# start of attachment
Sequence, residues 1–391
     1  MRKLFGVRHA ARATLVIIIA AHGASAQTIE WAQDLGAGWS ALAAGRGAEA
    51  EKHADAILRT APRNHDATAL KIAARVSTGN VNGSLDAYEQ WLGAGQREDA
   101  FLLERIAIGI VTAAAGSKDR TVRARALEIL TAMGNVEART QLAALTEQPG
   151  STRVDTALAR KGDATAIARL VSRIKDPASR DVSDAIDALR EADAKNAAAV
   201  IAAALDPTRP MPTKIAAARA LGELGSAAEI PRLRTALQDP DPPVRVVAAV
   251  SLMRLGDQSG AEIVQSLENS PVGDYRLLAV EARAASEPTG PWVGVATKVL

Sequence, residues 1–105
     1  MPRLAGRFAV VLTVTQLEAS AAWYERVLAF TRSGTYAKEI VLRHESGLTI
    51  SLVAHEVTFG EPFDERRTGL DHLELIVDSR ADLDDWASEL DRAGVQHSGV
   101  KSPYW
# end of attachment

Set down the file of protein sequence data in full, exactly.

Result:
Sequence, residues 1–391
     1  MRKLFGVRHA ARATLVIIIA AHGASAQTIE WAQDLGAGWS ALAAGRGAEA
    51  EKHADAILRT APRNHDATAL KIAARVSTGN VNGSLDAYEQ WLGAGQREDA
   101  FLLERIAIGI VTAAAGSKDR TVRARALEIL TAMGNVEART QLAALTEQPG
   151  STRVDTALAR KGDATAIARL VSRIKDPASR DVSDAIDALR EADAKNAAAV
   201  IAAALDPTRP MPTKIAAARA LGELGSAAEI PRLRTALQDP DPPVRVVAAV
   251  SLMRLGDQSG AEIVQSLENS PVGDYRLLAV EARAASEPTG PWVGVATKVL

Sequence, residues 1–105
     1  MPRLAGRFAV VLTVTQLEAS AAWYERVLAF TRSGTYAKEI VLRHESGLTI
    51  SLVAHEVTFG EPFDERRTGL DHLELIVDSR ADLDDWASEL DRAGVQHSGV
   101  KSPYW